At a young age, Emma Albert was diagnosed with Klippel Trenaunay Syndrome, or KTS; a vascular disease that often causes limbs to be affected by varicose veins or an overproduction of soft tissue and bone growth. She relies on a wheelchair for mobility. It’s a trait that every passing stranger can see, but one she hopes they will look past.

“I hope people see strength and resilience, as well as independence. I am used to overcoming obstacles and will work even harder to achieve my goals,” Albert said.

Albert’s athletic career started with sled hockey, playing for the New York Sled Rangers for six years. She loved being part of a team of individuals who weren’t letting their disabilities slow them down. But it wasn’t until she learned about wheelchair racing that Albert discovered her true calling.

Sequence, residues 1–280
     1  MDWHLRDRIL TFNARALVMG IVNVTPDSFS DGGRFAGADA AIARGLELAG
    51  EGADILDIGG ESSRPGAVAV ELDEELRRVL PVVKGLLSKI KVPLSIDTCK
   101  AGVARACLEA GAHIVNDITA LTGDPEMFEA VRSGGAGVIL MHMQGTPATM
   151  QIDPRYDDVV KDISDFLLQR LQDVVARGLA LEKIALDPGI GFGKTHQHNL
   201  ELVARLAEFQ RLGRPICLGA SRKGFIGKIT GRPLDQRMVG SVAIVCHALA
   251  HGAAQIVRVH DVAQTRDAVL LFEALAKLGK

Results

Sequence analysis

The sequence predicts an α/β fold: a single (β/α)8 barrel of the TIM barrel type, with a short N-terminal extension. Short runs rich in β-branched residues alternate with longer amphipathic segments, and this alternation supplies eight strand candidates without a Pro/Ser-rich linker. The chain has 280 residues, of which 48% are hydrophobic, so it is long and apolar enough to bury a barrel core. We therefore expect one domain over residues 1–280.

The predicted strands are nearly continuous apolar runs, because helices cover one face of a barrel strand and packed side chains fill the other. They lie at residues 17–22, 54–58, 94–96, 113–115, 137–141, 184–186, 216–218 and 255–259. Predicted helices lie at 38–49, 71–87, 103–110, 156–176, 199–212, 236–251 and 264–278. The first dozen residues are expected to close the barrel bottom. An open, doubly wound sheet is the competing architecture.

“Once I connected with the team at New York Road Runners, and learned how to train for the sport of Wheelchair Racing, I was hooked,” Albert said.

The young athlete quickly became involved in more than just racing with New York Road Runners, a non-profit focused on inspiring individuals through running. As an intern and volunteer, Albert assisted all age groups and handled coordinating transportation for professional athletes. Giving back to the community that had brought her joy was one of the many reasons why Albert says she continued to volunteer. She also participates in the Stay-Focused adaptive scuba diving lessons, once again showing that children of all abilities can do anything they set their minds to.

“It was a life-changing experience, in a beautiful, world-class diving location. Given how much I learned and enjoyed this incredible opportunity, I knew it was my job to help as many other disabled kids experience this amazing underwater environment. It was not only beautiful, but very empowering for a disabled teen to master scuba diving,” Albert remarked.